But, I find these systematic technological advances paradoxical. As I interact with patients for most of my waking hours, I realize that every patient is different. Technology allowed Watson and Crick to identify the structure of the DNA. Their findings taught us that every individual is unique right down to the strands of their double helix. When contemplating the future for my patients, my fellow health care professionals, and myself, it seems quite hazy.
A system that was created to provide equal care for every individual does not afford the same opportunity for the very sick or high-risk patient populations. This system forces patients to expect the best services for their money but doesn't provide the necessary tools to render the best quality of care. Physicians and nurses are forced to spend more time interacting with computers than directly interacting by educating patients and supporting their needs. Shortcuts have been made to bypass the annoyances of the electronic health records. Ready-made templates that meet all needed documentation requirements are made but never meet the patient's unique needs and sadly are not patient-specific.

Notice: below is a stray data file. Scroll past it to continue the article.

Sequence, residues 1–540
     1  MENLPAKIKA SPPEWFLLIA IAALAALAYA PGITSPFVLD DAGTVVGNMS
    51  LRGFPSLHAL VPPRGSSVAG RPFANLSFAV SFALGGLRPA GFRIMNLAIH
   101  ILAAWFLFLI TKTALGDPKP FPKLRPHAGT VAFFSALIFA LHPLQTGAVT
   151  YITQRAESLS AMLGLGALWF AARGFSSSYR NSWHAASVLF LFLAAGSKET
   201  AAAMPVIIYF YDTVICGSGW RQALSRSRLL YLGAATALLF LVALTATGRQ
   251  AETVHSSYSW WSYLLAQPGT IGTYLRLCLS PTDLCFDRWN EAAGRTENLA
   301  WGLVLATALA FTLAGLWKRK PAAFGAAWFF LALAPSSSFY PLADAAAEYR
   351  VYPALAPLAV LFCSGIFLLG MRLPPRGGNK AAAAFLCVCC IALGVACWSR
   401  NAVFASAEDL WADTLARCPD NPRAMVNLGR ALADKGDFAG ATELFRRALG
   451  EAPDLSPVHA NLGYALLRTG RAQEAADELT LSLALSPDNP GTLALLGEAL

I have learned from my experience as a nurse that my patients are not products or goods—and excellence in providing their care is not easy to judge or individualize. For me, the questions grow exponentially every day: Do pay for performance, standardized health care systems, and health care cost reimbursements allow for health care providers to practice the true art of medicine or nursing? Will these standardized systems allow me to practice my calling and mission to humanity?
I find myself wondering: with all the advances in technology, why are patients still being misdiagnosed or under diagnosed? At what point does technology interfere with the connection between human interaction and the forming of a trusting provider-patient relationship which is the foundation of health care?
The Nurse's Paint Strokes
As a painter takes the brush and uses strokes unique to his talent, physicians, nurses, and other health care professionals interact with their irreplaceable acquired interpersonal skills. At what point does the click of a mouse, video chat, or an electronic questionnaire replace look, listen, and feel? At what point does human interaction become lost in cyberspace? How will the art of medicine and nursing be affected by technological uniformity and standardization?
Over the centuries, artists were not forced to follow the expert opinions of the economist to mass produce their works in a systematic and uniform way. In fact, the quality and rarity of artists is what makes their talent so monumental. I ponder the future advances of technology, and where this leaves the provider of health care. What makes our talents so specialized and needed? And what does this mean for the patient who presents with a rare or almost unheard of disease?